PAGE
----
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Peter Monsberger, left, CEO of Ignis Innovation and Reza Chaji, president and chief technology officer, stand in their Waterloo lab. The firm recently signed a licensing agreement with LG Display to use their patented OLED display technology.

A Waterloo, Ont., technology company, Ignis Innovations, has inked a deal with LG Display to allow the Korean screen manufacturer to license its organic light-emitting diode (OLED) screen technology.

OLED displays have the potential to be much thinner than liquid crystal display (LDC) and plasma screens because they aren't backlit, and the colours are truer and more vibrant. The thinner devices mean foldable or bendable screens are also a possibility.

Ignis's CEO Peter Monsberger said the display industry is "in a tizzy" trying to adopt OLED technology.

"Players who were mainly focused on LCD as the display of choice are looking at how they can set up OLED," said Mr. Monsberger.

The market potential could be huge. In 2015, market research firm Markets and Markets put the worldwide value of OLED displays at an estimated $44-billion (U.S.) by 2020, although Monsberger puts that number at around $30-billion. OLED displays can be used for tablets, smartphones, TVs, automobiles and virtual reality.

The deal, announced last month, is a non-exclusive licensing agreement between Ignis and LG Display and will allow the Korean company to use the patented software and hardware technology that Ignis says corrects display issues, such as cloudy spots or burning, and extends the lifespan of the displays. LG Display, a subsidiary of LG Electronics, trades on the New York and Korean stock exchanges.

Ignis's method has been developed over the past 16 years in Waterloo, first at the University of Waterloo and now out of a 12,500-square-foot office and lab in the north end of the city. Ignis owns 350 patents worldwide on the technology.

Samsung dominates the OLED market, supplying smartphone screens to Microsoft, Google and BlackBerry. Apple is also planning to include OLED displays in their upcoming iPhone designs. LG Display only makes up about one per cent of the OLED market.

Samsung has been using OLEDs for their smartphones since 2009, and both Samsung and LG launched OLED TVs in 2013, but the results have been mixed. Higher costs and a shorter lifespan compared to LCD displays have deterred consumers, despite the promise of 55-inch screens that are incredibly light (about eight kilograms) and roughly the width of a pencil.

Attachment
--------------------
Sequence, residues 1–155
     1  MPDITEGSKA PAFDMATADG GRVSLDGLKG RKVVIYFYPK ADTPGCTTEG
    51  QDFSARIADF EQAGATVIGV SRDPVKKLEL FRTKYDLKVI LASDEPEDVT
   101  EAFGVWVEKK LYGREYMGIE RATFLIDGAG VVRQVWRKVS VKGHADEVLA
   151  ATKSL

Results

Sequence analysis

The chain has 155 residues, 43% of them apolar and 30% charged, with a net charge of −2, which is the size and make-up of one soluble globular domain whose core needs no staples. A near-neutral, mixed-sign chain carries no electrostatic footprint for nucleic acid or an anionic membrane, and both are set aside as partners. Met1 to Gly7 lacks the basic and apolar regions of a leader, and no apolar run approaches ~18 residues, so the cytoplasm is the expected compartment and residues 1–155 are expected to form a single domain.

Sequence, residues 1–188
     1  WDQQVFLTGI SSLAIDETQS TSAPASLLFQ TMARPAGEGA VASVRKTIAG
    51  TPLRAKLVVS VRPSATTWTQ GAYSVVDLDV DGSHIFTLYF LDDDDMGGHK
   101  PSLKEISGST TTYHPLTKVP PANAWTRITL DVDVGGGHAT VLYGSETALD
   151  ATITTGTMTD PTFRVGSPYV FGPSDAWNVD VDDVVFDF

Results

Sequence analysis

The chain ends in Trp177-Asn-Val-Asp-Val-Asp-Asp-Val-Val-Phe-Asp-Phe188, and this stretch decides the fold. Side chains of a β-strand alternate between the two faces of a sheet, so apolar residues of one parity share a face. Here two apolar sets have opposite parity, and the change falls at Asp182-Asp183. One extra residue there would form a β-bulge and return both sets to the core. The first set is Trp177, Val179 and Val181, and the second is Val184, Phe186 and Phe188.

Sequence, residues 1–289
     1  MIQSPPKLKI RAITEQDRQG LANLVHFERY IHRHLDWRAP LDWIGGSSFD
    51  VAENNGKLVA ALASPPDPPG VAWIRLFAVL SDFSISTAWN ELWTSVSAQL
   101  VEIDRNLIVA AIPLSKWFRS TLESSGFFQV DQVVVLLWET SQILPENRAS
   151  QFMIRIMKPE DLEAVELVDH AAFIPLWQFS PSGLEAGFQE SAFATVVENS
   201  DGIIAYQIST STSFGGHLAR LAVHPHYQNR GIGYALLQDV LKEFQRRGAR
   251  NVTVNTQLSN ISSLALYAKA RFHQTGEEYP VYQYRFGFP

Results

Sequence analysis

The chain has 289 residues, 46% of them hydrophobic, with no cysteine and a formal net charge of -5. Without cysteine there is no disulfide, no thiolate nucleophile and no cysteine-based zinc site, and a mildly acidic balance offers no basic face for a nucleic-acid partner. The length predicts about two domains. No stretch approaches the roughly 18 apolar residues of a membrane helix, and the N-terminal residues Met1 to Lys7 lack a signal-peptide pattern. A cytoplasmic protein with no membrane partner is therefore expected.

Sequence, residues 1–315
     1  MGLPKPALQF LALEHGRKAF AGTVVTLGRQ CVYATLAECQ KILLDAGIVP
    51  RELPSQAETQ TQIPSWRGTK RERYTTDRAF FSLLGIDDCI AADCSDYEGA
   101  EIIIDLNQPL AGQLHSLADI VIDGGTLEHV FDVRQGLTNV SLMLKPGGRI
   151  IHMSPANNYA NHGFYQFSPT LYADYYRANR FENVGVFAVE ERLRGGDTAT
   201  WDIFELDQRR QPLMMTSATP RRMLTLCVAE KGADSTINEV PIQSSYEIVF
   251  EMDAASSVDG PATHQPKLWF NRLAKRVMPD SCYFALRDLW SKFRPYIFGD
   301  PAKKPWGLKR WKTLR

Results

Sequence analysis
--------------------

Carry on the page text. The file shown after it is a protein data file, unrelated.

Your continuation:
Market research firm IHS Markit expects about 830,000 OLED TVs to ship in 2016, but that number could grow to 1.4 million in 2017 and 5.8 million by 2020.

Carmi Levy, a London, Ont.-based tech analyst, said one of the biggest issues with OLED televisions is they don't last the 50,000 hours consumers expect.

"Up until now, you bought expensive OLED displays with the knowledge that they might not last as long as the units they replaced," he said.

Another concern is consistency problems with the displays. OLEDs work by sending electrical currents through conductive materials that glow red, green and blue.

Since they produce their own light, they're capable of being much thinner than LCD displays, but it can also lead to display irregularities if the material holding the transistors together is damaged – either at the manufacturing stage or from aging. That can lead to cloudy spots, lines or images burned into the screen.

Ignis says it has solved these issues. Through a combination of hardware and software innovations, the company analyzes every pixel in real time and if the light begins to fade or distort, adjustments are made to the power supply to ensure the image remains true.

It's a key innovation in guaranteeing the screens meets the 50,000-hour lifespan, Ignis said.

"Right now we're the only company that can make it work," said Ignis president and chief technology officer Reza Chaji.

This fix, however, is described as a "Band-Aid" solution by Jonathan Melnick, a senior analyst at Lux Research, an independent tech research and advisory firm in Boston, Mass.

"What this does is it senses when a pixel degrades and it drives more current to it, but then when you drive more current to it, it degrades even faster and consumes more power," said Mr. Melnick, who leads the printed, flexible and organic electronics division at Lux.

"I understand why LG is doing it because LG is putting their bets on the TV market where you have to solve a lifetime problem, but we see this as a Band-Aid solution for the problems."

When asked if their method is simply a short-term fix, Chaji laughed.

"I don't think companies go after Band-Aid solutions," he said.

Melnick said the market for OLED displays will be closer to $15 billion by 2020 — half of what Ignis is predicting — given the challenges companies like LG will have breaking into the television market, coupled with continued improvements to LCD technology that will allow it to become thinner and lighter as well.

"It's really going to be a niche technology in the TV market, even with this (Ignis) signing," said Melnick.

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